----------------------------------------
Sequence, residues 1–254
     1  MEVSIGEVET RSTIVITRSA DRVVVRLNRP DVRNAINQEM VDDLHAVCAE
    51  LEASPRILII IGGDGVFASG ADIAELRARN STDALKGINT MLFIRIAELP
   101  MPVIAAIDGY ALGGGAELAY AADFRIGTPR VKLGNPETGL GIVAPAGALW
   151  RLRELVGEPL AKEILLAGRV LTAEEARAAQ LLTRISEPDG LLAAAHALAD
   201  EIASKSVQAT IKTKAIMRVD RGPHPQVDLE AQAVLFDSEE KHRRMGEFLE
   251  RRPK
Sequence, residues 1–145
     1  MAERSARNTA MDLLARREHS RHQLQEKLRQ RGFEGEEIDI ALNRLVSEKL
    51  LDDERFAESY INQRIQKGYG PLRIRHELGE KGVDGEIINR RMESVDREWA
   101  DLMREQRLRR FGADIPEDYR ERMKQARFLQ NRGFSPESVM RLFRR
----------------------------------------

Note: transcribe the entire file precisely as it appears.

Sequence, residues 1–254
     1  MEVSIGEVET RSTIVITRSA DRVVVRLNRP DVRNAINQEM VDDLHAVCAE
    51  LEASPRILII IGGDGVFASG ADIAELRARN STDALKGINT MLFIRIAELP
   101  MPVIAAIDGY ALGGGAELAY AADFRIGTPR VKLGNPETGL GIVAPAGALW
   151  RLRELVGEPL AKEILLAGRV LTAEEARAAQ LLTRISEPDG LLAAAHALAD
   201  EIASKSVQAT IKTKAIMRVD RGPHPQVDLE AQAVLFDSEE KHRRMGEFLE
   251  RRPK
Sequence, residues 1–145
     1  MAERSARNTA MDLLARREHS RHQLQEKLRQ RGFEGEEIDI ALNRLVSEKL
    51  LDDERFAESY INQRIQKGYG PLRIRHELGE KGVDGEIINR RMESVDREWA
   101  DLMREQRLRR FGADIPEDYR ERMKQARFLQ NRGFSPESVM RLFRR